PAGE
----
"We just serve imported beer with the food," the general manager of the Istanbul Café and Restaurant, Zeynep Karagøz, told tv2nyhetene.no.
The restaurant in the Norwegian town of Moss is being pressured by the building owner and neighbor, a mosque run by the Turkish Muslim community, to stop serving alcohol, reports Moss Avis.
"I was told of the complaint on Friday, and was very surprised. But Norway is a democratic country. People can think what they want," says Norwegian-Turkish Karagøz.
The restaurant is in the first floor of the same building as the mosque, and was given the license to serve alcohol before New Year's.
The mosque has its premises on the second floor, but uses that same entrance as the restaurant.
In the summer the community complained to the Moss municipality, saying that the serving of alcohol is a nuisance for the children and youth activities going on there.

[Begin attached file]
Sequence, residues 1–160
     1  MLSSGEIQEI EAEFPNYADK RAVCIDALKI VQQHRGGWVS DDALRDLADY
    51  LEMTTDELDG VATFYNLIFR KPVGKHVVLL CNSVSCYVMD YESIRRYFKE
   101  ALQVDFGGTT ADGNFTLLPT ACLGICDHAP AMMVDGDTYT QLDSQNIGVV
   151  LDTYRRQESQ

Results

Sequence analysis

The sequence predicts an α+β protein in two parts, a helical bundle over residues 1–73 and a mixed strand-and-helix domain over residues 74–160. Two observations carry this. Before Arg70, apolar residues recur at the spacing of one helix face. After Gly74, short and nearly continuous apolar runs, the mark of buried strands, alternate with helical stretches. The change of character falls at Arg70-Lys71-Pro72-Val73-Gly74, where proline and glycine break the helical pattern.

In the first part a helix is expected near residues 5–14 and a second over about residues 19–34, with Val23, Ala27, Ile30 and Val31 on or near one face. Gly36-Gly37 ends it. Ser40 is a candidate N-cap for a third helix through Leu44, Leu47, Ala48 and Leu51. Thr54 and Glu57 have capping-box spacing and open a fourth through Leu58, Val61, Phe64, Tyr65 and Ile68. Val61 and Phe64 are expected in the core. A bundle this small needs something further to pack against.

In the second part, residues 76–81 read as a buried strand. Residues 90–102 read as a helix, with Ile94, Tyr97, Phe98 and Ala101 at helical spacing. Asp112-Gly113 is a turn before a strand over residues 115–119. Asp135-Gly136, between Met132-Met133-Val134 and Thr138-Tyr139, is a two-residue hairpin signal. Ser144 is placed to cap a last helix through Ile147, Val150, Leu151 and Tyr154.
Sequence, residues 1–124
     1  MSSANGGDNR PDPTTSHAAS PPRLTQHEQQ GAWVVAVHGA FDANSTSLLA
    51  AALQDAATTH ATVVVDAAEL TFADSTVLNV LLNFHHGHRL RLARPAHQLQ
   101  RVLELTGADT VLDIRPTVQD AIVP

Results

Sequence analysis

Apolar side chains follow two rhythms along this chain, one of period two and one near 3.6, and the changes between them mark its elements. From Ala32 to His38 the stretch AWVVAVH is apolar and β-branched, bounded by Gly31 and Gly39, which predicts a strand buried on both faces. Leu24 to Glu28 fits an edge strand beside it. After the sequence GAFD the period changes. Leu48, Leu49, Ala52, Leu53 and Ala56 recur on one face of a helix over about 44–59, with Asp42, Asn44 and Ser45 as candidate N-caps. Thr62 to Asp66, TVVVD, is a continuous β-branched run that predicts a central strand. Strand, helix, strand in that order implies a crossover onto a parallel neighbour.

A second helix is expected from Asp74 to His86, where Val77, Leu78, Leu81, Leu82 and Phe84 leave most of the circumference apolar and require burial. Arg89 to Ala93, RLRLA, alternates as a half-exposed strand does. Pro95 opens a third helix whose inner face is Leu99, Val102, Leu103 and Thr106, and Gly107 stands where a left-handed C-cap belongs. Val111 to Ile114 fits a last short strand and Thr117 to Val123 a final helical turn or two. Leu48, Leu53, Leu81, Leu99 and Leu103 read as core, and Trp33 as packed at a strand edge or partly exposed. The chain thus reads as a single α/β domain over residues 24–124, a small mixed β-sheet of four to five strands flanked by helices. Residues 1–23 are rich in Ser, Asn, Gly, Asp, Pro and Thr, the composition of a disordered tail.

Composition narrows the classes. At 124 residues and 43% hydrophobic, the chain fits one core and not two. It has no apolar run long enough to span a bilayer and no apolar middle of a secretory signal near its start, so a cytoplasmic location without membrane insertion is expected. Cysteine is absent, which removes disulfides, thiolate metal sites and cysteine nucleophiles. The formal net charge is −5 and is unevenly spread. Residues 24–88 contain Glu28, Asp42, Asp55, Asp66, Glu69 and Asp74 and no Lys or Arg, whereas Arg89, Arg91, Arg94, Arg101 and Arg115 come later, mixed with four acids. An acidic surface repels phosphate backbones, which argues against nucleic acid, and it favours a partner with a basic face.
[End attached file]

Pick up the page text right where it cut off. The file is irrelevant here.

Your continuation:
"Especially on the weekends and in the evenings, there's a lot of activity for children and youth in the building and in the area," says the complaint, which will be processed by the municipality's supervisory board this week.
The manager of the restaurant says she doesn't understand the claims of the community and says the the activities that the community mentioned take place between 12PM and 4PM on the weekends.
Zeynep says that the restaurant she runs doesn't have alcohol on the menu, but sells imported Turkish beer in bottles.
"We are keen to promote Turkish culture and food traditions. Here we don't serve boiled potatoes, and alcohol is not on the menu," the manager told tv2nyhetene.no.
The restaurant leases the premises from the Turkish religious community, which wants the alcohol license to be taken away.
If their complaint to the municipality doesn't get anywhere, they will check other options to stop the serving of alcohol, a spokesperson told the local paper.
"We will comply with the municipality's response. Meanwhile we think that something should be done. It's out of the question to move the mosque. We will see what we do with the lease contract when it expires," Bilal Øzbal of the Turkish Muslim faith-society in Østfold told Moss Avis.
Source: TV2 (Norwegian)